From NBC/NJ's Athena Jones and Mike Memoli
GREENSBORO, NC -- Obama kept the focus on the economy Saturday, arguing at a North Carolina rally that last night's debate showed McCain was out of touch with the concerns of ordinary Americans who are struggling economically.
The senator was back in North Carolina for the second time in a week, a traditionally red state that his campaign still appears to have in its sights. It was the beginning of two days on the trail with his running mate Joe Biden, with whom he has not campaigned since just after the Democratic convention.
As they did in the days after Denver, during the Republican convention, the pair stressed what McCain did not talk about during the debate to show where his loyalties lay.
"Last night we had a debate and on issue after issue – from taxes to health care to the war in Iraq – you heard John McCain make the case for more of the same. The same policies that got us into this mess," Obama told the crowd standing under the gray sky outside a bus and train depot. "But just as important as what we heard from John McCain was what we didn't hear from John McCain. We talked about the economy for forty minutes, and not once did Sen. McCain talk about the struggles of middle class families."
Obama made a similar argument about the speakers at the Republican convention, arguing that they did not spend enough time talking about the economy or about jobs at a time when the jobless rate is rising and the economy is in crisis.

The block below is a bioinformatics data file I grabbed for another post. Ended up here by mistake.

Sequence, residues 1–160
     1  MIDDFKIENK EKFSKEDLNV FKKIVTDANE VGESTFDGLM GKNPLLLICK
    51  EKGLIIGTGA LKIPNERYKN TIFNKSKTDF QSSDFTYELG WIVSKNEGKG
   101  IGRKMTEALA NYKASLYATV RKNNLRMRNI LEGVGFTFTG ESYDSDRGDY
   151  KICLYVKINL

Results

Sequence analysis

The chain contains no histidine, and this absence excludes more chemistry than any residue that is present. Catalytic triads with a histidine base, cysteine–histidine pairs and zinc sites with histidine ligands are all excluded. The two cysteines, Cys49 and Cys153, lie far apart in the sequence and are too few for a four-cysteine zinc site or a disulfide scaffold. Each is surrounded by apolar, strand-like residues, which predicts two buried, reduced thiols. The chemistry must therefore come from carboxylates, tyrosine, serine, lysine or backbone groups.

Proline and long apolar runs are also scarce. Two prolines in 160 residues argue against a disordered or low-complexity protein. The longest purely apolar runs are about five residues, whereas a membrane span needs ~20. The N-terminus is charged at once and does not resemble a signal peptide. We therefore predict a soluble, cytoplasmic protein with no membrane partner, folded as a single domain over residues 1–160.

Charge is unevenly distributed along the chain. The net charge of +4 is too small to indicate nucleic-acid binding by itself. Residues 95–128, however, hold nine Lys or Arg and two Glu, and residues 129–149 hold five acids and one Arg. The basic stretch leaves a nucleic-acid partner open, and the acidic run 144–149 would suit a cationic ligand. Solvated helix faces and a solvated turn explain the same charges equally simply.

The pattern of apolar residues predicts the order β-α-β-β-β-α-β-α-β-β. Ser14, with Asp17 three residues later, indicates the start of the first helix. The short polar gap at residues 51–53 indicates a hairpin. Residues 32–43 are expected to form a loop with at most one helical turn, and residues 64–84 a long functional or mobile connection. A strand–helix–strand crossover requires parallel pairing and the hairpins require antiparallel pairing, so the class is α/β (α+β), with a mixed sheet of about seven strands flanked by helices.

"The truth is, through ninety minutes of debating, John McCain had a lot to say about me, but he had nothing to say about you. He didn't even say the words "middle class." He didn't say the words "working people," Obama said.
In his introduction of his running mate, Biden also amplified the same message the campaign is taking to the airwaves, saying that McCain ignored the middle class last night. "The phrase never parted his lips once. Not one single time," Biden said.
The Arizona senator's failure to mention the phrase is the subject of an ad that the Obama campaign is set to begin airing Monday.
As Obama and Biden were stumping under the banner of fighting for the middle class, McCain was back in Washington where his campaign announced he would be resuming "negotiations with the Administration and Congressional leaders from both parties to forge a bipartisan solution to our economic crisis."
Obama spoke with Rep. Barney Frank and Treasury Sec. Henry Paulson today and is keeping abreast of events in Washington, said campaign spokesperson Jen Psaki.
The campaign says he will continue with his scheduled events unless he is needed in Washington.